The functional basis of a primary succession resolved by CSR classification

Authors

  • Marco Caccianiga,

  • Alessandra Luzzaro,

  • Simon Pierce,

  • Roberta M. Ceriani,

  • Bruno Cerabolini


M. Caccianiga and A. Luzzaro, Dipto di Biologia, Sezione di Botanica Sistematica e Geobotanica, Univ. degli Studi di Milano, Via Celoria 26, IT-20135 Milano, Italy. – MC also at: Centre d'études nordiques, Univ. Laval, Sainte-Foy, Québec, Canada, G1K 7P4. AL, S. Pierce, B. Cerabolini and R. M. Ceriani: Dipto di Biologia Strutturale e Funzionale, Univ. degli Studi dell'Insubria, Via J.H. Dunant 3, IT- 21100 Varese, Italy (simon.pierce@uninsubria.it). – RMC also at: Centro Flora Autoctona, c/o Consorzio Parco Monte Barro, Fraz. Camporeso, IT–23851 Galbiate (LC), Italy.

Abstract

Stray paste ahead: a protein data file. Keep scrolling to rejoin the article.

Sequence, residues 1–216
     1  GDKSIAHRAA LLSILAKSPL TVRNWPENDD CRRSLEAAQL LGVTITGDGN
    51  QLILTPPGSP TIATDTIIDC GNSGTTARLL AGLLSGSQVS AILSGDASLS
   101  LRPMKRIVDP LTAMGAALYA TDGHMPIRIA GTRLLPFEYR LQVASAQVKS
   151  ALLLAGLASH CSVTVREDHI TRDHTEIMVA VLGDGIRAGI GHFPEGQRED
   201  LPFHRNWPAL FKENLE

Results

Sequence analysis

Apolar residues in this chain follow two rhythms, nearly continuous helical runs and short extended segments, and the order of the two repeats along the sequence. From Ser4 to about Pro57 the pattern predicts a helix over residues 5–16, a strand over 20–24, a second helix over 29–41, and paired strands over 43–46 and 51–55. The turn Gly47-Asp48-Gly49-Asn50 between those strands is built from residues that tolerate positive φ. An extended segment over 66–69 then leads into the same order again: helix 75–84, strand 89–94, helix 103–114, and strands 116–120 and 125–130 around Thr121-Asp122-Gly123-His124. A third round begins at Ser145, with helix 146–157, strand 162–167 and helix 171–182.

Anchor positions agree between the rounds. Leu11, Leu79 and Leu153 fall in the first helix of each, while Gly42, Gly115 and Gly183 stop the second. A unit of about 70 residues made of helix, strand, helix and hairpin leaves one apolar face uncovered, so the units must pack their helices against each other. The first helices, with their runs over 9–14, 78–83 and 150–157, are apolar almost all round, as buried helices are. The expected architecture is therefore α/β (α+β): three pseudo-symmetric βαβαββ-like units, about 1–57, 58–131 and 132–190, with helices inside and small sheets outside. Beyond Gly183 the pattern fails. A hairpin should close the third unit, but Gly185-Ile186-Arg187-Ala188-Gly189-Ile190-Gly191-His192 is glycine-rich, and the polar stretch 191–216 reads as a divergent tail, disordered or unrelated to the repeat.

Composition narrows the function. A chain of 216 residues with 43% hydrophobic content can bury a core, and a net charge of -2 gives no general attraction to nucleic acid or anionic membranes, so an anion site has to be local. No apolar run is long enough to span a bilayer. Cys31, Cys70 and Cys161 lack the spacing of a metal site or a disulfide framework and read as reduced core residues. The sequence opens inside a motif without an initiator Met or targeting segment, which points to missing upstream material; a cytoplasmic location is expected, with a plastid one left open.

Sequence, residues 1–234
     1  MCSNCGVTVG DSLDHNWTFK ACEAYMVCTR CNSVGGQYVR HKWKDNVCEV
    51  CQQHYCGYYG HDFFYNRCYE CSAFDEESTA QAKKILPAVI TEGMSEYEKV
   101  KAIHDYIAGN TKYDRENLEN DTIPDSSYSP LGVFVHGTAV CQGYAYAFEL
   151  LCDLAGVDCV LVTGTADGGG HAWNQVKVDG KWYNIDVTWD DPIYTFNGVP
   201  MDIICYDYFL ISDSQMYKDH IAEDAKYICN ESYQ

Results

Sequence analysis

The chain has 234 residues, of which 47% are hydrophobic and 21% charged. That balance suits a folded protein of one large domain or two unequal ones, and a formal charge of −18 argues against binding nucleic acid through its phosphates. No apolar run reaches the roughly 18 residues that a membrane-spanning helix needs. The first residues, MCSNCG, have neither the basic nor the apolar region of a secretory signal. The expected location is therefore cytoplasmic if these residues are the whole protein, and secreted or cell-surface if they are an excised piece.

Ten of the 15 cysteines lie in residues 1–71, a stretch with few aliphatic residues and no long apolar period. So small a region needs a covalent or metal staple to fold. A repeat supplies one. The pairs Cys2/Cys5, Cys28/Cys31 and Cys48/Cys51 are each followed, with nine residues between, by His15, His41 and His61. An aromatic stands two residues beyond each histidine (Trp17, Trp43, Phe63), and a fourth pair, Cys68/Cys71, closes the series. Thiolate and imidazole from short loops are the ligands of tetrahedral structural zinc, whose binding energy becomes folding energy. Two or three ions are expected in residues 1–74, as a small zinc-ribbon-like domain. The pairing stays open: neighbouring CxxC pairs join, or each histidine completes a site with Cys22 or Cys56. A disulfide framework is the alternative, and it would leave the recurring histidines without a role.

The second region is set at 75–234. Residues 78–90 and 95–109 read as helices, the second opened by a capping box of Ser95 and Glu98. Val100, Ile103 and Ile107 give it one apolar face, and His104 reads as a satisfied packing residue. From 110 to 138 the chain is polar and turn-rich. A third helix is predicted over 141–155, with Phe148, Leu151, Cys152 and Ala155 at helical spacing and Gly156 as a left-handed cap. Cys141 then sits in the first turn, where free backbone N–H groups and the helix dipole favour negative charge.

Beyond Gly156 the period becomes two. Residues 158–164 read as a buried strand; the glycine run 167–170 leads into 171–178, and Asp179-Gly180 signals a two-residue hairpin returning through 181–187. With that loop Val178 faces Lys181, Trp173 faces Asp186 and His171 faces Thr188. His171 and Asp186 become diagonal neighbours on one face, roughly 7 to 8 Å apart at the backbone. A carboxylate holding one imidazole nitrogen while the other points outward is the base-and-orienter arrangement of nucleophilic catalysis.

CSR classification aims to apply CSR theory to large numbers of plants in situ, thereby allowing the investigation of communities within a functional context. However, it has only ever been applied to British vegetation, during the development of the technique, and has not yet been used to investigate specific vegetation processes. Here, a vegetation primary succession on a glacier foreland (Rutor glacier, Aosta, Italy) was used as a ‘test bed’ for the hypothesis that CSR classification can distinguish functional shifts during this vegetation process. Morpho-functional traits were used to calculate CSR coordinates for 45 species throughout the glacier foreland. General functional similarities between species were verified using principal components analysis (PCA). CSR classification demonstrated a functional shift from broadly ruderal pioneers towards stress-tolerance in late succession. PCA 1 correlated with S and R strategies, confirming this gradient. Till deposited at the retreating glacier terminus provides a substrate that can support faster growing species (with high foliar N contents), but is only tenable to those that can avoid physical disturbance via rapid phenological development (i.e. ruderals). Stress-tolerance and lower N contents in late succession suggest selection for efficient nutrient use. CSR classification demonstrated that competitive traits were ubiquitous but of much lesser importance than stress-tolerance or ruderalism (also correlating with PCA 2 and 3). The detailed visualization provided by CSR classification, combined with its mechanistic explanation of community change, demonstrate the promise of this methodology as a quantitative tool for comparative community ecology.

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